**Hint:** In a uniform electrostatic field, positively charged particles will be accelerated in the direction of the field, and negatively charged particles will be accelerated in the opposite direction. The deflection or curvature of a particle's trajectory in an electric field depends on its charge-to-mass ratio; a greater charge-to-mass ratio will result in a more pronounced curvature.

**Step by Step Solution:**

**Step 1:**** **Determine the direction of the electrostatic field.

The uniform electrostatic field is indicated by the parallel lines with "+" symbols. The field direction is from positive to negative, which means it's from top to bottom in this image.

**Step 2:** Analyze the trajectories of the three particles.

Particle 1 is deflecting upwards, away from the field direction.

Particle 2 is moving straight without any deflection.

Particle 3 is deflecting downwards, in the direction of the field.

**Step 3:** Determine the charge of each particle.

Particle 1 is moving opposite to the field direction, so it must be negatively charged.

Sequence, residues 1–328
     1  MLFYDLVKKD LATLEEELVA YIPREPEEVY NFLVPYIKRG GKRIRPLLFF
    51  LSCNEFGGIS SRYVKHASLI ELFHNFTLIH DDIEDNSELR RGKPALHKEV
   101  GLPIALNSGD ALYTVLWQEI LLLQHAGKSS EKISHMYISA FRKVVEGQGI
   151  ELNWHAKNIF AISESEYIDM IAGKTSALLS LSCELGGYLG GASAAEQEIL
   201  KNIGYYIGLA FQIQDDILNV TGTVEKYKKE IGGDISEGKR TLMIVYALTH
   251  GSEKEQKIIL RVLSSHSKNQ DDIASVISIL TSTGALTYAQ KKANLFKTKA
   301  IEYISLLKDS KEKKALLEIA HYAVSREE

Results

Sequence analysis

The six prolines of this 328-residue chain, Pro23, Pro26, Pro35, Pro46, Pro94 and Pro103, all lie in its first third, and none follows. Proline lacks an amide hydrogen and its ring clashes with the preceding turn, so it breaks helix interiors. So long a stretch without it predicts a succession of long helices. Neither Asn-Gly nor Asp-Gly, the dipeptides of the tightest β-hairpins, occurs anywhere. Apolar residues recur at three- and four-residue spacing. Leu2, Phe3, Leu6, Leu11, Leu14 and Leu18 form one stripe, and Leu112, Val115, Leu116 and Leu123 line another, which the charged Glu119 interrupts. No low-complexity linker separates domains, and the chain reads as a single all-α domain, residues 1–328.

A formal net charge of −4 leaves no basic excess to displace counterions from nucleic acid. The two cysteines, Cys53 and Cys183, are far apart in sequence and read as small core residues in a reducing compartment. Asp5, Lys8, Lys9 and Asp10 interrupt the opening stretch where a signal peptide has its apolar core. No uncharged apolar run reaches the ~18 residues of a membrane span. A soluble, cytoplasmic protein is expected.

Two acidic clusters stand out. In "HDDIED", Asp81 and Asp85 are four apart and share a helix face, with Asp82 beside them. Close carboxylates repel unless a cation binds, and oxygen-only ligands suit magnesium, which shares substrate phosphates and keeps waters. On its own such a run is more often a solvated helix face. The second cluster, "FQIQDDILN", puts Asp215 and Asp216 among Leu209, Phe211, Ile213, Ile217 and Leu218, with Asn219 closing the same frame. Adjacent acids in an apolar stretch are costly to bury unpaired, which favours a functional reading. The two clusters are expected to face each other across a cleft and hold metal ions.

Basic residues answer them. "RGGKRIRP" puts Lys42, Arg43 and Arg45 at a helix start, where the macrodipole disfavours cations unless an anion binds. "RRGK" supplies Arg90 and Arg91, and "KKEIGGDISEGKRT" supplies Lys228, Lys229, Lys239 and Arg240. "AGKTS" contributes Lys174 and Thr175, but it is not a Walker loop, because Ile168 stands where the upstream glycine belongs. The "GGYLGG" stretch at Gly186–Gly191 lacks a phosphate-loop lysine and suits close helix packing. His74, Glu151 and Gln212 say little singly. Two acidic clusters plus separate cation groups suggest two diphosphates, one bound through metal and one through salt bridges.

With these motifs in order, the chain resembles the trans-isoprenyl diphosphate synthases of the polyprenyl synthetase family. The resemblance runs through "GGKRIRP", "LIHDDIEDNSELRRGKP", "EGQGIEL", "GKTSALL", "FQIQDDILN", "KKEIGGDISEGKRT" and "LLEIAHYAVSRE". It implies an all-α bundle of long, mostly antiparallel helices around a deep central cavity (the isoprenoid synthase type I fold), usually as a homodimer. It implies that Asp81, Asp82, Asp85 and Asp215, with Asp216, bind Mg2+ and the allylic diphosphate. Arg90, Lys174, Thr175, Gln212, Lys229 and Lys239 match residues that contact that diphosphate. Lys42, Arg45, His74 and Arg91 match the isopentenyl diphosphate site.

Particle 2 is not deflected by the field, which means it is neutral (no charge).

Particle 3 is moving in the direction of the field, so it must be positively charged.

**Step 4:** Determine the charge-to-mass ratio.

The curvature of the trajectory is influenced by the charge-to-mass ratio. A particle with a higher charge-to-mass ratio will have a more pronounced deflection in the field.

Particle 1 has a pronounced curvature upwards.

Particle 3 has a slight curvature downwards.

Comparing the two, Particle 1 has a more pronounced deflection, indicating a higher charge-to-mass ratio compared to Particle 3.

**Note:** It's important to understand that the amount of deflection or curvature of a charged particle's path in an electrostatic field depends on both its charge and its mass. A particle with a larger charge or a smaller mass will have a larger charge-to-mass ratio and, consequently, will experience a more pronounced deflection in its trajectory when subjected to the field. In this problem, the curvature of Particle 1's trajectory indicates that it has the highest charge-to-mass ratio among the three particles.